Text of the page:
New plans to boost motorcyclist safety
This was published under the 2010 to 2015 Conservative and Liberal Democrat coalition government
Consultation launched on plans to improve basic training for motorcycle riders, including standard of instructors.
The government has today (10 March 2015) launched a consultation on plans to improve motorcycle training.
The proposals include upgrading compulsory basic training (CBT) to improve the riding of younger learners, which has been largely unchanged for the last 25 years.
The plans under consideration include the structure and content of CBT courses, the qualification process for instructors and standards checks for instructors, which assess their ability to teach pupils.
Transport minister Claire Perry said:
Motorcyclists account for 1 in every 5 deaths on our roads, despite representing just 1% of all traffic. This is a shocking statistic – even more so when you consider that 19% of all reported motorcycle casualties involved riders aged 19 and under.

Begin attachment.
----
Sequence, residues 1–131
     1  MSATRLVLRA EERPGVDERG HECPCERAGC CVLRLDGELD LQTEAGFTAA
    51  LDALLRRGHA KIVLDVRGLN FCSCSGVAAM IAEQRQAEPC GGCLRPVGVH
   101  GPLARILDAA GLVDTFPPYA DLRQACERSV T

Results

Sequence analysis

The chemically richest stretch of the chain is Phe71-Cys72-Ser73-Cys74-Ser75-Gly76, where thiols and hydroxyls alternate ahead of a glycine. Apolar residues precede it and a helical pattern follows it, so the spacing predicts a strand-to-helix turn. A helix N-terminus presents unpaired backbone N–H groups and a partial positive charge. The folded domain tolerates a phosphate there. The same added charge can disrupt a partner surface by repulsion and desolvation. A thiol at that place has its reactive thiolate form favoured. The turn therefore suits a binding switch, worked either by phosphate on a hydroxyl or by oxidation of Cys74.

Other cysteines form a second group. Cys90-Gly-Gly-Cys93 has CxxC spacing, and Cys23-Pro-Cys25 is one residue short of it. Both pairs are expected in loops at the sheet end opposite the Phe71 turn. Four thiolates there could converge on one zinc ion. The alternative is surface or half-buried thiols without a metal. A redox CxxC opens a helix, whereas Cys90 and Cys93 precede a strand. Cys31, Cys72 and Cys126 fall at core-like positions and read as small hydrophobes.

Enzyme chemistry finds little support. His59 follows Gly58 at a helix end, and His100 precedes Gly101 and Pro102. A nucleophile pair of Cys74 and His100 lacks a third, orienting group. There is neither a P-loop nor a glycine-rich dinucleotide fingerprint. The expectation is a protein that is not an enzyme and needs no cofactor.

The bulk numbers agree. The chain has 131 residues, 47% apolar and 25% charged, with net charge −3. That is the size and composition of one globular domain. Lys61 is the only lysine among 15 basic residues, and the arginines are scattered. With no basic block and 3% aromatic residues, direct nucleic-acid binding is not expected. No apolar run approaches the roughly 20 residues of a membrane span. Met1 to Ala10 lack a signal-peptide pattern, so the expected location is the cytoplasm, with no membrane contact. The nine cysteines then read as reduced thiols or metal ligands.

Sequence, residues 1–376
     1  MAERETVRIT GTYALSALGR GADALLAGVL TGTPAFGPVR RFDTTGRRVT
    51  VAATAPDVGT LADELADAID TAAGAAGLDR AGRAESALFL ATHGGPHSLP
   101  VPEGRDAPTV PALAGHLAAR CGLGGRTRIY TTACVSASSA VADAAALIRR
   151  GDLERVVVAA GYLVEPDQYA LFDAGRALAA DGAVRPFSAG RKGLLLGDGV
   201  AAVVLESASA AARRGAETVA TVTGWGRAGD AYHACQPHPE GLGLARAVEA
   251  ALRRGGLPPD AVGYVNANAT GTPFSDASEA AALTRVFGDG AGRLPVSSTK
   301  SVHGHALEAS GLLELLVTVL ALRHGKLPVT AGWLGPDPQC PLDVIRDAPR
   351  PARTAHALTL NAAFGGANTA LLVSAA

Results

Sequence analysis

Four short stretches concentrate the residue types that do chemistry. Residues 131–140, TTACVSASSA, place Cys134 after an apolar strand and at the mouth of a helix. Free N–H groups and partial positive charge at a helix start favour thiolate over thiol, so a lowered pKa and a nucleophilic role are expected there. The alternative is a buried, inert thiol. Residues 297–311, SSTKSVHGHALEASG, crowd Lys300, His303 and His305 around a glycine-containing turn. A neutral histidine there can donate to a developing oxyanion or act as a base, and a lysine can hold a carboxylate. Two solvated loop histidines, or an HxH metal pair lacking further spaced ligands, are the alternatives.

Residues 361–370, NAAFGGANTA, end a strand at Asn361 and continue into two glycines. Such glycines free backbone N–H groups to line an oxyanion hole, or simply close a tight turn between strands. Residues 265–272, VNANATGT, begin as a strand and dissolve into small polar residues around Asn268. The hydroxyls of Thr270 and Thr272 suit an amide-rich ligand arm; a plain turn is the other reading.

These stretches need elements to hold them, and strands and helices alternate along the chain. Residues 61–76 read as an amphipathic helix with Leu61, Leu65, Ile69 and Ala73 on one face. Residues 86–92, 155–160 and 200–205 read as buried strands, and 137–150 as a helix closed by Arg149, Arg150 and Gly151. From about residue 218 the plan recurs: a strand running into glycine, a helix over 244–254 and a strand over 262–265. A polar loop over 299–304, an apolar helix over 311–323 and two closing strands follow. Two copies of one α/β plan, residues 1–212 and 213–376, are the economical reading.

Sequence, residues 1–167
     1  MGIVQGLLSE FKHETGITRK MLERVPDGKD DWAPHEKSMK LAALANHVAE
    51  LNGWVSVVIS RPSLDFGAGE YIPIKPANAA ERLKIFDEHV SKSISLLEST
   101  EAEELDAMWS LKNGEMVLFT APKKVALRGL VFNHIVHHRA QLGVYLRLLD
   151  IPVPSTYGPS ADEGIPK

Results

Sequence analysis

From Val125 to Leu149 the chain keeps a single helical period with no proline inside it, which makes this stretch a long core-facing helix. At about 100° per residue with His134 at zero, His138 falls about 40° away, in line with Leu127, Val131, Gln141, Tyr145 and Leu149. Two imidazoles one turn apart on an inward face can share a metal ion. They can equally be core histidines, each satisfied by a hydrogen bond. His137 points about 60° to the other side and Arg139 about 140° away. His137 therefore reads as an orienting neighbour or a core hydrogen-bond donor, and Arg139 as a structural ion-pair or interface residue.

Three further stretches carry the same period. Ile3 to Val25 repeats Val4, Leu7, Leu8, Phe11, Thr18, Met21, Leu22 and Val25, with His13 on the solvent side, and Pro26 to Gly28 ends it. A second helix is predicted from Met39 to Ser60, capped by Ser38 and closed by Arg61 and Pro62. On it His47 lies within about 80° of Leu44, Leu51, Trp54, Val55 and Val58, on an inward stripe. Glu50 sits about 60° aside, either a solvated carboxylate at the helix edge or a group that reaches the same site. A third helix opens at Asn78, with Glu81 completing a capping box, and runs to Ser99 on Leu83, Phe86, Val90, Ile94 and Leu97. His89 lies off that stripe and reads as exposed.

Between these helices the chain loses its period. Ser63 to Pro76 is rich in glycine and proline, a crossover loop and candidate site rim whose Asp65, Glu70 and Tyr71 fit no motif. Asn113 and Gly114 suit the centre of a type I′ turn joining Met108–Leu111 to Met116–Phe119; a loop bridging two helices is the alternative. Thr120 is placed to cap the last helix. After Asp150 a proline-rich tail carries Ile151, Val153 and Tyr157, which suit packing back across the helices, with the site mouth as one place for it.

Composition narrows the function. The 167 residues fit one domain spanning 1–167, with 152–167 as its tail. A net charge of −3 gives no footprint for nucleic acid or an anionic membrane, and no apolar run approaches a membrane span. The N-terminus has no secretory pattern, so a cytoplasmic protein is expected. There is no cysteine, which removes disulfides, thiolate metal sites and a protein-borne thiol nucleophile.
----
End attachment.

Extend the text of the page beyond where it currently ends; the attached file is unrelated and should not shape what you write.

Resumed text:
We must do all we can to improve road safety and I hope our proposals to change the training will do that.
All new learner motorcycle and moped riders must take CBT, which was first introduced in 1990 and has seen little change since its introduction.
Riders then have to pass their full motorcycle test within 2 years or they have to take CBT again.
Last year the Driver and Vehicle Standards Agency and the Department for Transport commissioned research into the views of trainers and learner riders on the current CBT, and how any changes would affect new riders.
The research helped shape a number of proposals. These have been developed with a range of motorcycle organisations and the training industry.
The consultation launched today runs until 21 April 2015.
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- Motorcycle compulsory basic training consultation, written ministerial statement published 10 March 2015